Jim: Sure, let me go back just a little bit, we actually have four Land o’ Lakes conferences, this is just one of the four. We also have a conference of R&D, pharmaceutical analysis and one on DMPK and the model that we use really started 59 years ago and the idea was to take scientists, put them in a remote environment and allow them the opportunity to get away from the laboratory and focus on science and not necessary have them worry about their daily work.

This worked very well for probably a good 50 years but all of a sudden we had a problem and that was cell phones and the internet and we started to lose people at night because they would go back to their room and spend all their free time working on the internet, going through their emails, etc. So we moved the program about 5 years ago down to Madison, on campus and we designed the program to still continue the same feel of a Land O’L akes conference, meaning, good science, great instructors but also the opportunity to meet and network with everybody that was at the conference.

We try to keep these conferences relatively small, say 100 to 150 people  and again the idea is that it’s casual, it’s informal and we have a large number of coffee break, social events in the evening and we try to keep everybody together until about 7:00, 7:30 at night, and then they can go back to their rooms, listen to their cell phones and do their internet communications and again it’s worked out very well.

This particular conference actually started out as an offspring from our DMPK conference and the first annual meeting we had for the DMPK conference we had was 21 years ago and one night we sat down at the bar with a cocktail napkin and basically designed this bioanalytical conference, which finally came into fruition two years later.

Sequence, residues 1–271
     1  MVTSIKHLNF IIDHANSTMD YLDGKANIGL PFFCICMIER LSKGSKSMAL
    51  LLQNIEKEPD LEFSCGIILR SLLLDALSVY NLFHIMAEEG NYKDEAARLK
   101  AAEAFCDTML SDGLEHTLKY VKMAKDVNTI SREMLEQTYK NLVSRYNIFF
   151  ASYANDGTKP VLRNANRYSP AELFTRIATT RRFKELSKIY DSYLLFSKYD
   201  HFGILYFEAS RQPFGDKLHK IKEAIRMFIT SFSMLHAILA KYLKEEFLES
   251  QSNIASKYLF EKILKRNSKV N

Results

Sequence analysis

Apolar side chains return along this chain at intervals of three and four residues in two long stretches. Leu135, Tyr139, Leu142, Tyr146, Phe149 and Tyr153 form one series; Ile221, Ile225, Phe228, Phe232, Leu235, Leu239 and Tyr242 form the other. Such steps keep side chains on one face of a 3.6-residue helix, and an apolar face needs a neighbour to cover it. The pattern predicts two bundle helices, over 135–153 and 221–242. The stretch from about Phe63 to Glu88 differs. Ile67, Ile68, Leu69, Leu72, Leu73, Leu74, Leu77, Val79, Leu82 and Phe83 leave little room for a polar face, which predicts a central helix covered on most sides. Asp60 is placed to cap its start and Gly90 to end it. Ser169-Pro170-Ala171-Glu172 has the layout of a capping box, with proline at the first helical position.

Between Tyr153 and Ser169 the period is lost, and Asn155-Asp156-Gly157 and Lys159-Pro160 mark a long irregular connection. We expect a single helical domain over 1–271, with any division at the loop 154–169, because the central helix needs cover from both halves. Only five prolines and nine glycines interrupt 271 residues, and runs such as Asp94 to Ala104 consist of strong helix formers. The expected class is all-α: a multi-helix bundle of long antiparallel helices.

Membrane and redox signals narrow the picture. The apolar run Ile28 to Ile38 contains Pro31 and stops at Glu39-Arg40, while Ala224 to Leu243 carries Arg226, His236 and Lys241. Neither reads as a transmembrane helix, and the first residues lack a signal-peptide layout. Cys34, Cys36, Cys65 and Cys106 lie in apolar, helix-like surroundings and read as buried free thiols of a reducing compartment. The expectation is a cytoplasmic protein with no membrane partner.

And again, it still follows the Land O’ Lakes model: that it’s informal, that it’s casual and that we encourage good science and the interaction between people at the meeting.

Who should be attending the conference?

Erik: I personally believe that we see the greatest amount of impact from the early  to mid-career scientists that are involved within the traditional big pharma R&D and/or the  CRO space and these are the individuals that are really being focused in on the bioanalytical space, the new technologies, the new techniques that are always going to be coming at them and changing the way processes and science is actually being conducted. So I would really it’s probably the early to mid-career scientists.

Jim: I’d add to that, that basically it’s mainly pharma and CROs but also we have some academics attending and regulators. So it’s not just Pharma, not just CROs but we have a good mix of people who are involved with bioanalytical issues on a daily basis.

What can attendees expect?

Erik: I think people attending can expect a strong conference for scientists by scientists, specially geared towards practical applications that will translate to real world value once they get back to the lab.

I really think that this is a conference that is strategically built to be one that is not commercially focused, it is one that is strictly based on science, that is trying and doing a very good job of keeping everyone together, so there isn’t a track mentality where people are losing out on having to make choices on presentation A versus presentation B where they are both very good.

It’s meant to be intimate, it’s meant to be application focused, it’s meant to be interactive and it’s meant for scientists.